Re: using structures

Discussion in 'C Programming' started by Jack Klein, Aug 18, 2003.

  1. Jack Klein

    Jack Klein Guest

    On Sun, 17 Aug 2003 16:43:54 +0200, Irrwahn Grausewitz
    <> wrote in comp.std.c:

    Followup set to comp.lang.c, where this really belongs.

    > (ambika) wrote in
    > <>:


    [snip]

    > So, the whole thing corrected goes like this:
    >
    > //*************************************************


    Not many compilers claim conformance with the current version of the C
    standard yet. The line above is an error, not a single line comment,
    under the version of the standard most compilers available today claim
    to conform to.

    > #include <stdio.h>
    > #include <stdlib.h>
    >
    > struct h
    > {
    > int data;
    > };
    >
    > int main()
    > {
    > struct h *p, *n;
    >
    > p = (struct h*) malloc( sizeof (struct h) );
    > n = (struct h*) malloc( sizeof (struct h) );


    This style of calling malloc() is frowned upon by most experienced C
    programmers, including the majority of comp.lang.c regulars. The cast
    could hide a serious error if the OP forgot to take your advice and
    did not include <stdlib.h>. And the use of type names as arguments to
    the sizeof operator can make for a lot of editing effort if the type
    changes. The recommended version is:

    p = malloc(sizeof *p);

    Now if the type of p is ever changed, say to point to a larger
    structure that includes a struct h, the code does not need editing and
    automatically remains correct.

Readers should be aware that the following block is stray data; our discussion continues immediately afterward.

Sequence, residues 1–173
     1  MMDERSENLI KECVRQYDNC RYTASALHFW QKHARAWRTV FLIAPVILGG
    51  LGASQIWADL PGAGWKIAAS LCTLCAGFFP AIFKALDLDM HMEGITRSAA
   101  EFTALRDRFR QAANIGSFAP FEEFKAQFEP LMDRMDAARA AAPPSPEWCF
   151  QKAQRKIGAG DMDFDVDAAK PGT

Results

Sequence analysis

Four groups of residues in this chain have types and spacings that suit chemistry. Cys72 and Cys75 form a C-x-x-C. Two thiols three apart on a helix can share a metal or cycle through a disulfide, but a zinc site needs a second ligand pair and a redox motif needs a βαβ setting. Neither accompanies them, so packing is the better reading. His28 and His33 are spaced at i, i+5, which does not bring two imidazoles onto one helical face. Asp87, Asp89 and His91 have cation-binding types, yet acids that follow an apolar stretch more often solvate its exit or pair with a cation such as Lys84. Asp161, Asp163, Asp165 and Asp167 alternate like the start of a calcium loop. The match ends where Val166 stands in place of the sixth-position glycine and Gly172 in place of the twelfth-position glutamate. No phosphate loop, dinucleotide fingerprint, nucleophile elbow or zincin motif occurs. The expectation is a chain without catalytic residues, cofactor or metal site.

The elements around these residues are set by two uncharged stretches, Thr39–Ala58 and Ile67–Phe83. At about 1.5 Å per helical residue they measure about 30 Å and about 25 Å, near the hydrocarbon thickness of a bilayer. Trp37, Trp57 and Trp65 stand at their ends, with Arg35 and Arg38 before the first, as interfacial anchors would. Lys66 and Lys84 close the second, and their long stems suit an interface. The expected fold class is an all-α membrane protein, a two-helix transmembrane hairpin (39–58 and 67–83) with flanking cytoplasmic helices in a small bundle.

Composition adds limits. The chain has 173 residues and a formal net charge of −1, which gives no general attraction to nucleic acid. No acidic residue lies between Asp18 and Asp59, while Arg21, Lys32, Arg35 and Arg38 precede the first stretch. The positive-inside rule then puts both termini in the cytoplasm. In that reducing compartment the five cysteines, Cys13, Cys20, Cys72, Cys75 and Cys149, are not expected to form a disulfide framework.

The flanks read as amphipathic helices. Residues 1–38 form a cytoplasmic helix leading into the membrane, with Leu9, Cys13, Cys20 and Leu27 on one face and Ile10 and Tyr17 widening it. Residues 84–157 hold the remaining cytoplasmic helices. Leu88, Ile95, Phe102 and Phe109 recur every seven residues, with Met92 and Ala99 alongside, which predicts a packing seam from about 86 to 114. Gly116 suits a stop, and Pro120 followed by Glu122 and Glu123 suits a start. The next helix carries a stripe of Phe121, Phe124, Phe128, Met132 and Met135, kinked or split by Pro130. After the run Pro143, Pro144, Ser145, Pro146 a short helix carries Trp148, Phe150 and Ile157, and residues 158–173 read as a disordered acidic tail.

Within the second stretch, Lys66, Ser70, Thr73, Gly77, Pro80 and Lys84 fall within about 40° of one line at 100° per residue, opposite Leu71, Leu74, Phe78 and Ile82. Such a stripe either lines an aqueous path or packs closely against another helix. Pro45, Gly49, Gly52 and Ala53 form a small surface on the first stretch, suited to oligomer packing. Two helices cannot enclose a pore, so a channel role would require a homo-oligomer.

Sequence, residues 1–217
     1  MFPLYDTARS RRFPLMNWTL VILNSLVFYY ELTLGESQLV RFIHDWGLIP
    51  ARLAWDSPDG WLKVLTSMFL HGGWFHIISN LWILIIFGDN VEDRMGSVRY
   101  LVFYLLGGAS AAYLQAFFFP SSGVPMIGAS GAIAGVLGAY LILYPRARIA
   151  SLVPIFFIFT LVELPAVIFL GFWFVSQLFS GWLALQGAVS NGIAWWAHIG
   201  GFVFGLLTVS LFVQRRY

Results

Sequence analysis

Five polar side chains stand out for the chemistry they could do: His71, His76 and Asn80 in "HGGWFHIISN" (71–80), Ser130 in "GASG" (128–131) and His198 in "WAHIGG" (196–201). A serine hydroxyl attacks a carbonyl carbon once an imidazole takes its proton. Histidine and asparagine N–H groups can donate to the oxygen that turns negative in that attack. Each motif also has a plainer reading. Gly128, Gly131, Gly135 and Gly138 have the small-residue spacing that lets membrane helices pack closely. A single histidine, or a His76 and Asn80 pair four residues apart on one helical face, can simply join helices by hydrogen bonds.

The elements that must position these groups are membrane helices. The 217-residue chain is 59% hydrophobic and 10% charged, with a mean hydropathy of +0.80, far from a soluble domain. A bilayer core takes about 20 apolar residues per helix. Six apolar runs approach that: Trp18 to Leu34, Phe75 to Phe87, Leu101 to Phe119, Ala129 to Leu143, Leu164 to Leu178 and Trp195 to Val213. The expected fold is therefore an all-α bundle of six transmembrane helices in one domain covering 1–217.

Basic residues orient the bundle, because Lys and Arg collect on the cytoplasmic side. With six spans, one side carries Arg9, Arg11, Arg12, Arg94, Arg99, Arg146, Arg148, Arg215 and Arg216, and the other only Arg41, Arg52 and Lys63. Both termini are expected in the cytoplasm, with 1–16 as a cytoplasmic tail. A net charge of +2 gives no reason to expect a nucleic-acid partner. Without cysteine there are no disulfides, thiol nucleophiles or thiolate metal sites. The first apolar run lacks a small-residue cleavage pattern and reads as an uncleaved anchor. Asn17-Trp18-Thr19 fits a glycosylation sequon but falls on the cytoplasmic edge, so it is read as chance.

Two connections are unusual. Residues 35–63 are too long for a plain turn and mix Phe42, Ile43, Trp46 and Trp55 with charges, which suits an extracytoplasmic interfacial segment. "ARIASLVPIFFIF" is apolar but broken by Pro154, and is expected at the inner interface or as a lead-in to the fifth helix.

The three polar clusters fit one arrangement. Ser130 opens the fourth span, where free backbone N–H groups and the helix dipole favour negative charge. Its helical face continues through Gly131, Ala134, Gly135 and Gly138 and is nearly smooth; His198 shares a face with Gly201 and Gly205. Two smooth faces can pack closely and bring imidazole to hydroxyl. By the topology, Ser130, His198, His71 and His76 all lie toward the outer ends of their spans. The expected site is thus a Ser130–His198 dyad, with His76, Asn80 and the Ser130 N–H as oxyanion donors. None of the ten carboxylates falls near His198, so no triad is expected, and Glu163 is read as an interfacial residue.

> if ( ( p == NULL ) || ( n == NULL ) )
    > return EXIT_FAILURE;
    >
    > p->data=20;
    > n->data=10;
    >
    > printf("\nValue of data pointed by p is %d",p->data);
    > printf("\nValue of data pointed by n is %d",n->data);
    > printf("\nlocation pointed by p is %p",&p->data);
    > printf("\nlocation pointed by n is %p\n",&n->data);


    The last two printf() calls above still invoke undefined behavior.
    The "%p" conversion specifier to any of the *printf() functions
    requires a corresponding argument of type "pointer to void".

    To eliminate the undefined behavior:

    printf("\nlocation pointed by p is %p",(void *)(&p->data));
    printf("\nlocation pointed by n is %p\n",(void *)(&n->data));

    > getchar();
    >
    > return EXIT_SUCCESS;


    Really, return 0; would be just fine here.

    > }


    --
    Jack Klein
    Home: http://JK-Technology.Com
    FAQs for
    comp.lang.c http://www.eskimo.com/~scs/C-faq/top.html
    comp.lang.c++ http://www.parashift.com/c -faq-lite/
    alt.comp.lang.learn.c-c++ ftp://snurse-l.org/pub/acllc-c /faq
    Jack Klein, Aug 18, 2003
    #1
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  2. Jack Klein wrote:

    > Irrwahn Grausewitz wrote:
    >
    >> #include <stdio.h>
    >> #include <stdlib.h>
    >>
    >> typedef struct h {
    >> int data;
    >> } h;
    >>
    >> int main(int argc, char* argv[]) {
    >>
    >> h* p = (h*)malloc(sizeof(h));
    >> h* n = (h*)malloc(sizeof(h));

    >
    > This style of calling malloc() is frowned upon by most experienced C
    > programmers, including the majority of comp.lang.c regulars. The cast
    > could hide a serious error if the OP forgot to take your advice and
    > did not include <stdlib.h>. And the use of type names as arguments to
    > the sizeof operator can make for a lot of editing effort if the type
    > changes. The recommended version is:
    >
    > h* p = malloc(sizeof *p);
    >
    > Now if the type of p is ever changed,
    > say to point to a larger structure that includes a struct h,
    > the code does not need editing and automatically remains correct.
    >
    >> if ((NULL == p) || (NULL == n))
    >> return EXIT_FAILURE;
    >>
    >> p->data = 20;
    >> n->data = 10;
    >>
    >> fprintf(stdout, "Value of data pointed by p is %d\n", p->data);
    >> fprintf(stdout, "Value of data pointed by n is %d\n", n->data);
    >> fprintf(stdout, "location pointed by p is %p\n", &p->data);
    >> fprintf(stdout, "location pointed by n is %p\n", &n->data);

    >